Can you tell us a bit about your background?
I was born and raised in Portugal. I have always had an artistic background in my family, so eventually I chose to study Design and later developed an interest in Illustration – that's where I'm at right now.
What inspired the piece featured on the cover of Rituals?
My take on this illustration was based on the fact that most sacred rituals try to make a bridge with a primordial force – a sort of primitive origin that is connected to the animal/human dichotomy. There's also a link with the pack mindset, in the sense that rituals are commonly a shared experience that celebrates the feeling of belonging to a certain community/culture. I also really happen to like masks, so I went with them.
What is your process when creating art?
I've studied Design and so I've grown used to working digitally, which also allows me to make the whole process an "open" experience, since there are no definitive actions and there's a lot of room for trying things out. I like to use and juxtapose different textures and more "digital" languages – I feel it adds depth and detail to the whole composition. I know many artists that work similarly, but overall I think I learned these techniques by myself, over trial and error.
Are there any artists you particularly admire?
I really like Matisse, Klimt and Egon Schiele. Other than that, in a more contemporary approach, I'm really drawn to Yoshitaka Amano, Jon Klassen and Malika Favre.
Your pieces - which can be found at http://fredericopompeu.com - are wonderfully unique. How would you describe your art style?
My work is greatly influenced by my mood, but I think that its main characteristics are the use of textures and clashing colors and shapes (with some exceptions).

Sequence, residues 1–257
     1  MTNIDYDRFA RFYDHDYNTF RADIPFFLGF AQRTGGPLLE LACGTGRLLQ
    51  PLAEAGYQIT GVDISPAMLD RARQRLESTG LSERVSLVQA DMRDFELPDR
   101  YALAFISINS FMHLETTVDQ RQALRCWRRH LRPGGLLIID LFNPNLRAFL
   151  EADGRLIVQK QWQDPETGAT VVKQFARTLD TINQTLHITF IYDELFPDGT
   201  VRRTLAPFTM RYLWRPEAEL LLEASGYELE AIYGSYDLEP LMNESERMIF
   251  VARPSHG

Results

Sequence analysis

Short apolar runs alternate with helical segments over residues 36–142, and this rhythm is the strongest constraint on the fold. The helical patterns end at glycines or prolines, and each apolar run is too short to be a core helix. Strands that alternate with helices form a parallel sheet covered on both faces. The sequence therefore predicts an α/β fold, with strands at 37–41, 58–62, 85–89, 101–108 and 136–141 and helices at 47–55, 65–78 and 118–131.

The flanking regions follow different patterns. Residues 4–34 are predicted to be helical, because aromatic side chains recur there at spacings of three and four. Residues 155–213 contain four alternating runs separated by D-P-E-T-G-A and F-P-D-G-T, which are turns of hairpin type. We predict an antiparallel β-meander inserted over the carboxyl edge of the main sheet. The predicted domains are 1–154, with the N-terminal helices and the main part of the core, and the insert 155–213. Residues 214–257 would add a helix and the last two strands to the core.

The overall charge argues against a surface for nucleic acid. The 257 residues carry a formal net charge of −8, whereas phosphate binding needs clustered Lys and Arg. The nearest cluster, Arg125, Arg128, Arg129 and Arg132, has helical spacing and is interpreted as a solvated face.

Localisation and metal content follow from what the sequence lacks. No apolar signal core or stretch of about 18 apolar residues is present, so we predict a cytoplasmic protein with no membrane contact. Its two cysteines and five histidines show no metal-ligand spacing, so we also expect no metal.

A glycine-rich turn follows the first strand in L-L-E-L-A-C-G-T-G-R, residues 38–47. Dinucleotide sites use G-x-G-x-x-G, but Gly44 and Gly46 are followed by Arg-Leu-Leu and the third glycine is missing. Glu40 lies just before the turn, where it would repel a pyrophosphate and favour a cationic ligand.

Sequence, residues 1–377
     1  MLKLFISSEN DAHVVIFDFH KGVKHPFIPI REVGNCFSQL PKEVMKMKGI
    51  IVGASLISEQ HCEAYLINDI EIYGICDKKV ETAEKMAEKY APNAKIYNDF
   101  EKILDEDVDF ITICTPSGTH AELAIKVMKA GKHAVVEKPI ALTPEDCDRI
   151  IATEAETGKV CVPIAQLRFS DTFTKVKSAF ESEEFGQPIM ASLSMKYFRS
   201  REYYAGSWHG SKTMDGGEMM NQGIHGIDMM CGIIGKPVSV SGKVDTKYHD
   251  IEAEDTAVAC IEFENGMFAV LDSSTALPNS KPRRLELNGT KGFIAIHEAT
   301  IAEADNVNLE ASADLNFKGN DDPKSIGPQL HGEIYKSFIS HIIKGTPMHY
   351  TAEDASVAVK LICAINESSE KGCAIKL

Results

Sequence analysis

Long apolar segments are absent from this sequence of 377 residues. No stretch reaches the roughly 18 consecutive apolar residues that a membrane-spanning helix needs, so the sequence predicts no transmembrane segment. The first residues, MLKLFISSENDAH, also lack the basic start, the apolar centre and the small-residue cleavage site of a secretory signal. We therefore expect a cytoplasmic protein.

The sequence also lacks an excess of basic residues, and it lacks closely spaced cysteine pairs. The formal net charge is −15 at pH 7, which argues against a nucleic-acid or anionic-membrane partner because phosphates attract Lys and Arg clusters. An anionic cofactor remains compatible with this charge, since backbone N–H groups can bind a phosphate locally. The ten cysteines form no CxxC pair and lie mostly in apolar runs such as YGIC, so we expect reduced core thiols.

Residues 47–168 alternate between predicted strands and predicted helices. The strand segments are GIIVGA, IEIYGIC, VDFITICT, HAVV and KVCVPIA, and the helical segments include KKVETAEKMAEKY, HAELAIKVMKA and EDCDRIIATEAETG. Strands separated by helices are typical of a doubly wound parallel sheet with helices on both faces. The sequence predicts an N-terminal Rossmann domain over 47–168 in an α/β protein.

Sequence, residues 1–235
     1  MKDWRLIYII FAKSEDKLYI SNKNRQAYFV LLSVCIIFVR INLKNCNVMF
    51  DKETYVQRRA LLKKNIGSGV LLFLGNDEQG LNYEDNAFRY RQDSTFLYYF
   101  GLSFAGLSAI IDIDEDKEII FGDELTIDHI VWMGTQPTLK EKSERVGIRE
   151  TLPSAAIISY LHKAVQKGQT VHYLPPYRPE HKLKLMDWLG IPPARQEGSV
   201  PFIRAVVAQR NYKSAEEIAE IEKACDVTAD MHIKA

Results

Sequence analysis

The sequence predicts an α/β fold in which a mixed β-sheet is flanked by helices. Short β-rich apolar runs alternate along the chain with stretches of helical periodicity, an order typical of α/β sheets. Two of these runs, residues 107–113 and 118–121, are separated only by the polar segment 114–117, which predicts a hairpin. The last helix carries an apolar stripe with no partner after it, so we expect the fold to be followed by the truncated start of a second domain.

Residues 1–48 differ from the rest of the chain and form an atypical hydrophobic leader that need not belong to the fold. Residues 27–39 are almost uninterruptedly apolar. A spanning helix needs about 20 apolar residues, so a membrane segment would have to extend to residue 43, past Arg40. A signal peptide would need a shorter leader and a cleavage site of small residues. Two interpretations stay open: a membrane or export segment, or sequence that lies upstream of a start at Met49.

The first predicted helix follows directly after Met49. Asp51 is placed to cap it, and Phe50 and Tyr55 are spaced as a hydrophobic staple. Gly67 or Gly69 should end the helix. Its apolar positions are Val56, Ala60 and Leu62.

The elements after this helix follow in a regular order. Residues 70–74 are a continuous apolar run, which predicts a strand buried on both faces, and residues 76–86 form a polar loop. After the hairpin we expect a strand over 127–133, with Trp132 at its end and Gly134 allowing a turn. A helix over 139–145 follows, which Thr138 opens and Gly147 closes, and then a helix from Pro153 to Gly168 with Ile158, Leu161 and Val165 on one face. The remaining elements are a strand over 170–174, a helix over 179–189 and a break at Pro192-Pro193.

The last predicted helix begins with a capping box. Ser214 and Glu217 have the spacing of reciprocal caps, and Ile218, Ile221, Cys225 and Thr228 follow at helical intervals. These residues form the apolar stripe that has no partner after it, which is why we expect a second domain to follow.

I like to experiment and sometimes that compromises the consistency of my work... I think that I couldn't work in any other way, though – I wouldn't want to get too attached to a style or theme – it's more fun to try things around.
When or how did you first become interested in art?
There were artistic people on both sides of my family, my grandmother on my father's side was a painter, and my uncle on my mother's side is also an artist. I actually think that a lot of people in my family have that specific potential to be painters or sculptors, but for some reason or another, they ended up not developing to those abilities.
Growing up, my family kept being really supportive, so I have been really lucky to have this cultural background.
Were you formally trained in art or did you follow your own approach?
I studied Design in Aveiro, a small town by the Portuguese coast. Even though I wasn't formally trained in illustration, the design approach gave me the tools to work in a project – and it also honed my drawing skills. The first time I illustrated a book, I actually worked through the whole process as if it was a design briefing. I only realized I was working as an illustrator when I saw my name on the cover.
In addition to illustration, you also engage in photography. Can you tell our readers a bit about that?
I do photography for fun. I'm into small details, weird coincidences and chromatic anomalies – that's why I like to use film and point-and-shoot cameras – the whole process is more spontaneous and unpredictable. Sometimes I do end up using my photos as the color palette of my illustrations.
Your work is widely published and you've excelled in the art world. What advice would you give to budding artists?
I like to think that I still have a long way to go - I've been lucky with the opportunities I've had so far and I try to work on my own stuff along with the commercial work I do. I've noticed that illustration can be really rough on you – one day you feel great about your work and the other day you're full of doubts about it. I think you have to accept this in order to grow – most of all, being a illustrator is a process, and in order to go further, you have to always question yourself.
Although you already have a Master's Degree in Design, you're also pursuing a PhD in Cultural Studies. What is your goal with that area of study?
I've always been very interested in human/social sciences. Whether as a designer or an illustrator, you are always working for someone and you have to understand the zeitgeist in order to deliver. Studying the way cultural artifacts and symbols influence our lives is a great way of understanding the work I do professionally in a deeper way. I guess it also allows me to get a better perspective on me, personally, as well as to develop my storytelling abilities – I think all illustrations must tell a story.
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